Oscar nominee Vera Farmiga’s elegant features bear little resemblance to those of the rictus-grinning corpse that made audiences jump out of their skins in the climactic
True, most of the story’s shocking events take place in and around a motor inn called the “Bates Motel” — from which the series takes its name — and the sinister-looking old house that perches ominously, vulture-like, on the hilltop behind it.
Mrs. Bates (Farmiga) lives in the house with her son, Norman (Freddie Highmore, “Charlie and the Chocolate Factory”). The modest motel — 12 cabins, usually 12 vacancies — is their only visible source of income.
And that is where the similarities between the movie and the series end, pretty much. Created by Carlton Cuse (“Lost”), Kerry Ehrin (“Friday Night Lights”) and Anthony Cipriano for the A&E network, “Bates Motel” imagines the dysfunctional relationship between Norman and his devilishly domineering mother (whose first name is Norma, what else?), and the young man’s psychological unraveling, beginning at age 17 and presumably leading all the way up to future horrors that would include poisoning, taxidermy and bloody murder in a shower.
While those familiar with the movie might imagine Mrs. Bates as a witchy old hag, the creators of the series present her in the fine form of Farmiga, a fiercely independent woman unafraid to stand up to unscrupulous males who see a vulnerable single mother ripe for plucking. Farmiga is perfectly cast as a wily and enigmatic woman who’s given to fits of ferocious anger when cornered, and is adept at working angles of her own when opportunity lands at the motel’s registration desk. She’s a heroine — or an antiheroine — who skillfully walks a thin line between sympathetic and scary in this unique role, which is no mean feat.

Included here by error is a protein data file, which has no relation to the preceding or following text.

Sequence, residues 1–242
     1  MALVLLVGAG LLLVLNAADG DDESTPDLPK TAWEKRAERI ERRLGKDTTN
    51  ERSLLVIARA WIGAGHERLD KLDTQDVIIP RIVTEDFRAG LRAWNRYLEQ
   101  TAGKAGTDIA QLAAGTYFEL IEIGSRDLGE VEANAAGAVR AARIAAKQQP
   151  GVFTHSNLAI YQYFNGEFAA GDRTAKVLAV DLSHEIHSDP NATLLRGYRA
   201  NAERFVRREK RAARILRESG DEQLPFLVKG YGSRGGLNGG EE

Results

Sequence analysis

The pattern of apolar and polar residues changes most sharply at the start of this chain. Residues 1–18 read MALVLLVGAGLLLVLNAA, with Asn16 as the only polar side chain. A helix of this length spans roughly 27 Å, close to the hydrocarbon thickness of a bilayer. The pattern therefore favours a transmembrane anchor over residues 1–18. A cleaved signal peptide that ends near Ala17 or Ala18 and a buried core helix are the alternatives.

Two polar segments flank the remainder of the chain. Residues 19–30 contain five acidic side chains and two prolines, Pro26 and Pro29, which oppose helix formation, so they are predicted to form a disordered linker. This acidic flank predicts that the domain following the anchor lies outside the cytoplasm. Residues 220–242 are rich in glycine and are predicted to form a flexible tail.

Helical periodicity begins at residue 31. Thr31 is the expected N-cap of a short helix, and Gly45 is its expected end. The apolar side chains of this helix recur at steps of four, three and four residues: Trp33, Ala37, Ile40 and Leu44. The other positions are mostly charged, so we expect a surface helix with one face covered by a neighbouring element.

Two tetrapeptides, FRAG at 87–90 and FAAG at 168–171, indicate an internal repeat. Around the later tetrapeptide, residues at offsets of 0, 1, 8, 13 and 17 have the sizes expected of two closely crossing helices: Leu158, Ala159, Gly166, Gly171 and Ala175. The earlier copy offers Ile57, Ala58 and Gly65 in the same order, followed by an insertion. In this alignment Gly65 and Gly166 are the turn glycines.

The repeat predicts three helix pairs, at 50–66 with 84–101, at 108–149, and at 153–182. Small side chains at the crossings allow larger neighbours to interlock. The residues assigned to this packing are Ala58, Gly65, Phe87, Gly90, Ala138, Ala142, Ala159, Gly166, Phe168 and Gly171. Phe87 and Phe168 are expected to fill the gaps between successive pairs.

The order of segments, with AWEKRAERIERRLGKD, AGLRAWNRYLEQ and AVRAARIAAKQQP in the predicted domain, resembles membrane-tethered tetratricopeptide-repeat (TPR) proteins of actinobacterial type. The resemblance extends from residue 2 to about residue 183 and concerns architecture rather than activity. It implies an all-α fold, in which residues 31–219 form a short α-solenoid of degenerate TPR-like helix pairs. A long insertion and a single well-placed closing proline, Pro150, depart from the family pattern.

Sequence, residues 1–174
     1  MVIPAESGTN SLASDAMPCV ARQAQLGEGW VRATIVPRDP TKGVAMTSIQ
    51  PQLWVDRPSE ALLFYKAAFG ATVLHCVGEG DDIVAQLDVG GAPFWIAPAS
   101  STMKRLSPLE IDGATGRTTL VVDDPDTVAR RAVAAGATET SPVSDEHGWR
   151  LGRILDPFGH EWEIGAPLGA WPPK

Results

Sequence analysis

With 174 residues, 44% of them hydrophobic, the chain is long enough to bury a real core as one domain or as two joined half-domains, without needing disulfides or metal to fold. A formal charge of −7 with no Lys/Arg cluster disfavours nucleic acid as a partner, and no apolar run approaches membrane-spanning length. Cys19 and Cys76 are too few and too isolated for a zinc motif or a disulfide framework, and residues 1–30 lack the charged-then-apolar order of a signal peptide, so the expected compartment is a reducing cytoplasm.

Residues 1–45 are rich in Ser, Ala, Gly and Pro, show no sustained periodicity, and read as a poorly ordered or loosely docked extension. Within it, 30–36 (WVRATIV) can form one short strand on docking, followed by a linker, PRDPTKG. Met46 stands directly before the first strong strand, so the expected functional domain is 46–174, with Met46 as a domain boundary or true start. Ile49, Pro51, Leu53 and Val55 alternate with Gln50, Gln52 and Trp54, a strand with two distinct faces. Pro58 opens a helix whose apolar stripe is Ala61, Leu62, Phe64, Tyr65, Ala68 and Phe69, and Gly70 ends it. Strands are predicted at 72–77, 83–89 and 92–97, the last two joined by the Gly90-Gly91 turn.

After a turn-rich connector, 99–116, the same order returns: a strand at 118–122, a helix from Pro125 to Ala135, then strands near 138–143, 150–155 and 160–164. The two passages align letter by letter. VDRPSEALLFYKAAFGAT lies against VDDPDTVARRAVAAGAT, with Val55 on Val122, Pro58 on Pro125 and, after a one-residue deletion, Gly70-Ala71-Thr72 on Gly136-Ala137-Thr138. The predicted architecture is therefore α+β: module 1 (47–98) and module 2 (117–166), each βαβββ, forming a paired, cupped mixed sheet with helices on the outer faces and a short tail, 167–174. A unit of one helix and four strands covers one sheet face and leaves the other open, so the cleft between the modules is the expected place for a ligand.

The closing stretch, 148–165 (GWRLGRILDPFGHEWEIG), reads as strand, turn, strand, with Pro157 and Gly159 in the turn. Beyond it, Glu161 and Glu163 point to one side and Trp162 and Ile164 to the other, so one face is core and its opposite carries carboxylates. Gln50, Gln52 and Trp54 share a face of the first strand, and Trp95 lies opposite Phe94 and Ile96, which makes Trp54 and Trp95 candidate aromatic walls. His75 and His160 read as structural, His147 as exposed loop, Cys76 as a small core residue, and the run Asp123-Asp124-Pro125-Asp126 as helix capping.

Highmore is fascinating as the mama’s boy who can switch from meek to mad and back again with dizzying deftness, but even more compelling is the brooding Max Thieriot as Dylan Massett, Norman’s wandering half-brother (Yes! Norman has a black sheep bro!), who shows up at the motel shortly after Norma and Norman move to town and set up shop.
Which brings us to the other alterations and additions TV lends to the Bates story. While the movie version takes place in the tiny burg of Fairvale, Calif., “Bates Motel” finds mother and son moving to the coastal town of White Pine Bay, Ore., from Arizona, shortly after Norman’s father’s death in a freak household accident. And for some reason, the TV version is set in contemporary times, complete with cellphones and the Internet, perhaps for budgetary reasons, since the cost of assembling a fleet of ’50s and ’60s automobiles and other period trappings would have been prohibitive for a series produced for basic cable.
No matter, because an origin story about the Bates family and hotel is a can’t-miss proposition in capable storytelling hands, no matter what narrative direction it takes, simply for the status of “Psycho” as one of the most beloved stories in modern horror literature.
— Gene Triplett